And then there are some people I know I can trust for a recommendation, like: My sons Corey and Kyle, Rob Carmack, Kara Wynn, Alissa Wilkinson, Andrea Gandy, Amy Merrill, Kevin Roose. Most of these people you can find on goodreads.com.

I try to include some fiction, non-fiction, some history, some poetry, some humor and a classic or two. I'm always looking for good recommendations, so let me know if you have one for the list.

Here's what I have so far:

  • The Goldfinch by Donna Tartt
  • The Moth (Book) Stories from the Public Radio program
  • Consider the Lobster and Other Essays by David Foster Wallace
  • The Imperfectionists by Tom Rachman
  • The Bully Pulpit: Theodore Roosevelt, William Howard Taft, and the Golden Age of Journalism by Doris Kearns Goodwin
  • Help, Thanks, Wow: The Three Essential Prayers by Anne Lamott
  • The Pearl by John Steinbeck
  • A Visit from the Goon Squad by Jennifer Egan
  • Hopkins: Poems by Gerard Manley Hopkins
  • The Picture of Dorian Gray by Oscar Wilde
  • The Things They Carried by Tim O'Brien
  • Plainsong by Kent Haruf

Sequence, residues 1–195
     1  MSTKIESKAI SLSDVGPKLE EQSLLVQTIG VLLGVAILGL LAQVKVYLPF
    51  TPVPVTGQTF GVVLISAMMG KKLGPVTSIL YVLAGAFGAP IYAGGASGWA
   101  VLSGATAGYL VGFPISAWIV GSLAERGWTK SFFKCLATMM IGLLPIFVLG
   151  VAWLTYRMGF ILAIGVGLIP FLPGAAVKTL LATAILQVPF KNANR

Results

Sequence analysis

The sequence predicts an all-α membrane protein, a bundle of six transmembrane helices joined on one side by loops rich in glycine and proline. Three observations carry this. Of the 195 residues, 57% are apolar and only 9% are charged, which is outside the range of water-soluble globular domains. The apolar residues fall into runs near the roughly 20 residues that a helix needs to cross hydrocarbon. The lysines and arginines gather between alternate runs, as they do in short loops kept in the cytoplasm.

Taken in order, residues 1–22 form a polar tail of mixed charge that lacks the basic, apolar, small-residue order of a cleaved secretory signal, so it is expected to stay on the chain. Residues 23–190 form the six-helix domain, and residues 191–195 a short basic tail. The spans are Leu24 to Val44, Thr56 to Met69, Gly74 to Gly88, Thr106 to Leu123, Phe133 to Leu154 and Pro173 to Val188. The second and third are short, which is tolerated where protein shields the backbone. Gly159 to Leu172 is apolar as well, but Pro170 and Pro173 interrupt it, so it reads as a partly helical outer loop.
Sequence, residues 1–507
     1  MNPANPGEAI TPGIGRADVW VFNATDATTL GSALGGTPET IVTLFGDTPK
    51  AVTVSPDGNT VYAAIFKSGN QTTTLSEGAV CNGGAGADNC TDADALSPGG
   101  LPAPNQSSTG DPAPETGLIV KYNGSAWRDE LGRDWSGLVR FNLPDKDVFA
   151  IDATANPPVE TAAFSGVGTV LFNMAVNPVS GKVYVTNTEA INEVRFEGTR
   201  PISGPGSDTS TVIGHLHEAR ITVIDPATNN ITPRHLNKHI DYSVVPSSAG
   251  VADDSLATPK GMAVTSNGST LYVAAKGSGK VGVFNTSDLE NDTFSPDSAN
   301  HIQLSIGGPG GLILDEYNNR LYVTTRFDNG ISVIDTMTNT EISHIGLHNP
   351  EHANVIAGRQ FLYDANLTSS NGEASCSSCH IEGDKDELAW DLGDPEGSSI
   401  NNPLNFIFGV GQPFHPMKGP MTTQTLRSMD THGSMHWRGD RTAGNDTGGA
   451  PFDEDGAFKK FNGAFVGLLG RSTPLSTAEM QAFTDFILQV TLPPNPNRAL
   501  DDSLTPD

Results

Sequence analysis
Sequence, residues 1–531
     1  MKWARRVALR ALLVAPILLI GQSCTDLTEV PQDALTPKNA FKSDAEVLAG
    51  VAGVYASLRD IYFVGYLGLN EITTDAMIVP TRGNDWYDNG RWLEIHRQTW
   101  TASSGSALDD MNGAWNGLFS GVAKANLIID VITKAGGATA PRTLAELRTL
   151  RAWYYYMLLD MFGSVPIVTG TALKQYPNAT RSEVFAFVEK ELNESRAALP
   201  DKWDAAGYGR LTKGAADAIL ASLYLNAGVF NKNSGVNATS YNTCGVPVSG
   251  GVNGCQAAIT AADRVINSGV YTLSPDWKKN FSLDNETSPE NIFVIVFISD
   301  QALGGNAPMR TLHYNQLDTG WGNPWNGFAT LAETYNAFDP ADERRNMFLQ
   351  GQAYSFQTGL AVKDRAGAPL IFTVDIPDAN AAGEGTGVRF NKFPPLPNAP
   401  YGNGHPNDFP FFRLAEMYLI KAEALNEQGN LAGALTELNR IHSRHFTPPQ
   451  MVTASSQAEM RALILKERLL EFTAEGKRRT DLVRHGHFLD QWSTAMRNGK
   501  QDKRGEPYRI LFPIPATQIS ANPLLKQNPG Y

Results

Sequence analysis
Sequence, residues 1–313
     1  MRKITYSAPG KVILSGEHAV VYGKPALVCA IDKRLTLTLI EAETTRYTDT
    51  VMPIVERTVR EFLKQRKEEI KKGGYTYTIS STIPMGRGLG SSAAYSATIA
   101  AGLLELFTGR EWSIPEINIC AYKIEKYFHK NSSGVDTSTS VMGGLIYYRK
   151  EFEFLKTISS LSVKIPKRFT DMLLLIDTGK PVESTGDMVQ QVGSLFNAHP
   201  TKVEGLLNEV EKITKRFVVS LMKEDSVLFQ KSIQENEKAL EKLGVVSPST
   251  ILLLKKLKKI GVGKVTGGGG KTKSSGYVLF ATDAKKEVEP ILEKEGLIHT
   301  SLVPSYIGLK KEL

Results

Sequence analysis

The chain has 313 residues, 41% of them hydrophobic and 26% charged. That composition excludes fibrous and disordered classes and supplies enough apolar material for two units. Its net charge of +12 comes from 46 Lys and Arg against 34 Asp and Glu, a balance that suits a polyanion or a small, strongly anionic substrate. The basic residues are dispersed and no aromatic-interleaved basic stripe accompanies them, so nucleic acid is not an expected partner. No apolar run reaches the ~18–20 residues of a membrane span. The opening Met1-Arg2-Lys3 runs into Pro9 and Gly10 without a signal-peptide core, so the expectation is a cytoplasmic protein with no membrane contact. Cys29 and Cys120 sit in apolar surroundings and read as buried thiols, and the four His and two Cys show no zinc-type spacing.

• Gone Girl by Gillian Flynn
  • The Monuments Men by Robert M. Edsel and Bret Witter
  • This Is Where I Leave You by Jonathan Tropper

I've finished the first two on the list: The Goldfinch and The Moth. The Goldfinch is nearly 800 pages and at 750 pages in, I still wasn't sure where the story was headed. Several times I got weary of the pages of pages of character development and subplots, but hang in there. The time will come when you will be grateful for it. It is worth the trip.

The Moth is a collection of stories that are typically spoken stories at Moth events. You can find out all about it at www.themoth.org. My son Corey gave me this book for Christmas. If you love telling and hearing stories, as I do, you will really appreciate this book and The Moth project.

Please, let me know what you're reading.